Wildmind Meditation News
Dec 11, 2010
Meditation can forge lasting changes in the brain and, as an Australian experiment in the taboo area of self-harm shows, its positive effect can be life-transforming.
Researchers at the University of Melbourne conducted the ground-breaking experiment, scanning the brain of a young woman who had grappled with the problem of self-harm since her teens.
They saw positive changes in brain activity after she took part in a research-backed course in meditation and relaxation techniques.
Brisbane’s Alison Dower also meditated daily for eight weeks.
“The desire to self-harm is not particularly strong anymore due to all the work I’ve done,” Ms Dower, now aged 23, said on Wednesday.
Jun 15, 2010
How do we get unstuck from our emotional patterns so we can respond to our experiences spontaneously? Ponlop Rinpoche explains how awareness and acceptance can help us out of our emotional ruts.
You would certainly recognize your signature on a piece of paper, but do you know your own emotional signature? We all have one. It’s our predictable way of reacting to situations. Your friends probably recognize your emotional signature better than you do. When you get into a fight with your partner, for example, they can predict just how it will go. They know if you’re likely to slam a door, storm out of the house, or call your mother. They …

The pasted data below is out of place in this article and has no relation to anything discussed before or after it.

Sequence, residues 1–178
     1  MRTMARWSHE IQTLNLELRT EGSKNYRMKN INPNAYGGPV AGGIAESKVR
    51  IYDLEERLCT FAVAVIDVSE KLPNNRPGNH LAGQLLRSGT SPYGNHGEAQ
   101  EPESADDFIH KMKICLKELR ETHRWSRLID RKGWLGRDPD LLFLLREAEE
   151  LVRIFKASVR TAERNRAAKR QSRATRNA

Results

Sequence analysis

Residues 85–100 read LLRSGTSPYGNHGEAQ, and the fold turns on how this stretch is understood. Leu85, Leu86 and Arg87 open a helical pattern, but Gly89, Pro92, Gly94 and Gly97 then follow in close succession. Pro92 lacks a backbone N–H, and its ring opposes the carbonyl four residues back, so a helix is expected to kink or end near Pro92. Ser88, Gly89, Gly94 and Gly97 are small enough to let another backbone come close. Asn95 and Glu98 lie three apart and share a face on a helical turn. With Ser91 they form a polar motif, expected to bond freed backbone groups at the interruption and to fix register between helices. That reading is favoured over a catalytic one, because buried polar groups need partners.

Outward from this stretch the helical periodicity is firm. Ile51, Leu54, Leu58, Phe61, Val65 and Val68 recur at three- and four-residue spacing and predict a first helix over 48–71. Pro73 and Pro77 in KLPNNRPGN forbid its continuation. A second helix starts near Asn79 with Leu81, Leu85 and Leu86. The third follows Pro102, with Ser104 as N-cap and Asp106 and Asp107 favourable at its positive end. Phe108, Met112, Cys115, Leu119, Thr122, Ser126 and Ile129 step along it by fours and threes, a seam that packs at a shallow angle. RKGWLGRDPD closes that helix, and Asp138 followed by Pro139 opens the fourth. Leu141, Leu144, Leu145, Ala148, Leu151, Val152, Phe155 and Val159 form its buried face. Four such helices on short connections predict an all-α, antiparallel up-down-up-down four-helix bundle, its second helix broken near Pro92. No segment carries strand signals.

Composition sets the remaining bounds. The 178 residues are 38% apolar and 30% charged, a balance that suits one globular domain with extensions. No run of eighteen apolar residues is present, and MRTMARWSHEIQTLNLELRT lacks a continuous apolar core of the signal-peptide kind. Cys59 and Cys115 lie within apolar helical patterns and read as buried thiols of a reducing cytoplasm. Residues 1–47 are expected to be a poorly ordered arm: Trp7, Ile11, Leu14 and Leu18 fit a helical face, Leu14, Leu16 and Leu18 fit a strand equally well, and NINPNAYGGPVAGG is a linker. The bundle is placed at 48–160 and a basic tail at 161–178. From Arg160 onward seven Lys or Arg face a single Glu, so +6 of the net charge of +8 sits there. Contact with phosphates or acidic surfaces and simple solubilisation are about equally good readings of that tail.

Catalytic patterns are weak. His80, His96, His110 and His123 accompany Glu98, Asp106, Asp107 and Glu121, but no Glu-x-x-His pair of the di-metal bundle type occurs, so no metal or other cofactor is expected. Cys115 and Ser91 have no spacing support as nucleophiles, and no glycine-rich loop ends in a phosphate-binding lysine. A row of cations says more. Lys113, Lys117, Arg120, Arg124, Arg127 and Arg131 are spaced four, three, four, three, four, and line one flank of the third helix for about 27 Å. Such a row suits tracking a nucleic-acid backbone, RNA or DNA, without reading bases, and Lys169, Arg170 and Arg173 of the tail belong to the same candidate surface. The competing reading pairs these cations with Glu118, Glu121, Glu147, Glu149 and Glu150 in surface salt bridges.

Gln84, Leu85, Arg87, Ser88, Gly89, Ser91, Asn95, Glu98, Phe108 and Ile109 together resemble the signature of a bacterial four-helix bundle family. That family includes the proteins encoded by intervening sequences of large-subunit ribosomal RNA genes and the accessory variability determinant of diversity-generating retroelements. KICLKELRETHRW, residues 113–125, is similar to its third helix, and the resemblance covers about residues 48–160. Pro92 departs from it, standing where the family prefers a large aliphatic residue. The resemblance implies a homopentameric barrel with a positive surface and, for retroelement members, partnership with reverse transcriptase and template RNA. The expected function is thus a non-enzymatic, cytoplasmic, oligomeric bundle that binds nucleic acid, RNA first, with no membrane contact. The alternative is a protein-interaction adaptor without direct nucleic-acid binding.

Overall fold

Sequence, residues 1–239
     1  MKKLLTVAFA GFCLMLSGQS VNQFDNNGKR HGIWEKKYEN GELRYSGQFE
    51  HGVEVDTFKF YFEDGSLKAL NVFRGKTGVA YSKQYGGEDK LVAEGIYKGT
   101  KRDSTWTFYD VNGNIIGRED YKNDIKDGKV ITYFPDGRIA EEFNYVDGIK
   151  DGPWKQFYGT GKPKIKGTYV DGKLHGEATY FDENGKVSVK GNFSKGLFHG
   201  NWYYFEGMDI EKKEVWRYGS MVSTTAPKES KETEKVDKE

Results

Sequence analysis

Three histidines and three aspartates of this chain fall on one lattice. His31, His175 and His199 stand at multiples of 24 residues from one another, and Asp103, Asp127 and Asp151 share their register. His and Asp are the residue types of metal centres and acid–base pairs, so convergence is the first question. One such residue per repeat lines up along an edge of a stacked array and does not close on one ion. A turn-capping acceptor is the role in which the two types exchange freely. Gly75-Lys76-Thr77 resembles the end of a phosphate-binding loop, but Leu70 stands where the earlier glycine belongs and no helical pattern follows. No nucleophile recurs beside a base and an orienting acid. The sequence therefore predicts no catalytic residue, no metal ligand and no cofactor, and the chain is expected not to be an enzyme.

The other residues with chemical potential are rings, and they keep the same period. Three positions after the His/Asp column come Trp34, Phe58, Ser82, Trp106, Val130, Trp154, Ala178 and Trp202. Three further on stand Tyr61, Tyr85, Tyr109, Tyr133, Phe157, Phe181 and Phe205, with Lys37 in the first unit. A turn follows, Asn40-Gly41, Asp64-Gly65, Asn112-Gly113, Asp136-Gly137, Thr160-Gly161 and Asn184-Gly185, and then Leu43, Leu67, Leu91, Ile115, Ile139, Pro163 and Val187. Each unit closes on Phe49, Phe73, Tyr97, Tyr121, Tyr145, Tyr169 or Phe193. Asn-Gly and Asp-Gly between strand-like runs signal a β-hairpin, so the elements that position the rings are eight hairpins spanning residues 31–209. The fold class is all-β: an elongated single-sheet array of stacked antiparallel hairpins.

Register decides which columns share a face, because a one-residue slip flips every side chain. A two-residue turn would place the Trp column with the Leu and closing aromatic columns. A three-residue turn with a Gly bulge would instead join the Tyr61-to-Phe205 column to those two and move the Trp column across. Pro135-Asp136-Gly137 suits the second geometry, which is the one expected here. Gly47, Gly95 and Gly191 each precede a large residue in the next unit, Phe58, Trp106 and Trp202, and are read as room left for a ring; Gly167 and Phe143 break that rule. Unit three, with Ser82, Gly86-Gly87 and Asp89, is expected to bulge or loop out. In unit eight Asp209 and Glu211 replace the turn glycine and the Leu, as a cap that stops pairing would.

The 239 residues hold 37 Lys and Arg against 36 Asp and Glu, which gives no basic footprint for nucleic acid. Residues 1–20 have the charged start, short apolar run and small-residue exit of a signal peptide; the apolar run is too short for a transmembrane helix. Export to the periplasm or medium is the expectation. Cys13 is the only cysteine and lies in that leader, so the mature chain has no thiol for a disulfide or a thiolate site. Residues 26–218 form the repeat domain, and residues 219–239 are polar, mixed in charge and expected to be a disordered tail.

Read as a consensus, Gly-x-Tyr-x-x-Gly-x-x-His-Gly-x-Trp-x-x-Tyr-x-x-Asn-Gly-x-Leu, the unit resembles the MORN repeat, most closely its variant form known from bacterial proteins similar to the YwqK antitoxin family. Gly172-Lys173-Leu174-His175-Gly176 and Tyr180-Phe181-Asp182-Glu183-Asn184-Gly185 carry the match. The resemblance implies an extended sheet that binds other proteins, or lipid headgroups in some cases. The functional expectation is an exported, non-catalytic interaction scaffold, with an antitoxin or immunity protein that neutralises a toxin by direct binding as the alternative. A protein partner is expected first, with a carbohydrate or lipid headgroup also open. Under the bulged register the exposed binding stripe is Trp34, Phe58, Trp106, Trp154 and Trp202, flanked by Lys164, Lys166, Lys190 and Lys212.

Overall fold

Oct 14, 2009
Meditation teacher and life-coach Srimati offers a ten-stage guide to getting the most out of your meditation practice.
1. Decide what you are doing
Before you start meditating, be clear how long you will sit for and what kind of meditation practice you will do. Have a silent watch or clock within sight so you can open your eyes and peek at the time if you need to. You may notice that you soon don’t need a clock. Before long you will instinctively ‘feel’ that the time you’ve allocated is up and it’s time to come out of meditation.
2. Choose your time
It makes a big difference if you can stick to the …
Oct 30, 2007
A student asks: I want to learn how to control my anger, but it’s really hard. Any advice?
Sunada replies:The thing about emotions, especially strong ones like anger, is that they seem to come up in an instant, leaving no room for us to do anything about them. So for example, we realize we snapped at someone only after we recognize that we’re angry. It seems impossible to do anything about them, doesn’t it?
But actually, emotions are habits we’ve taken on, and can be undone, believe it not. So there are ways we can learn to avoid those outbursts altogether. Buddhist sages who spent entire lifetimes studying the mind through meditation saw that our …
Wildmind Meditation News
Feb 04, 2003
NY Times article by Daniel Goleman (author of Emotional Intelligence) on scientific explanations of how meditation acts as an antidote to stress.
Article no longer available.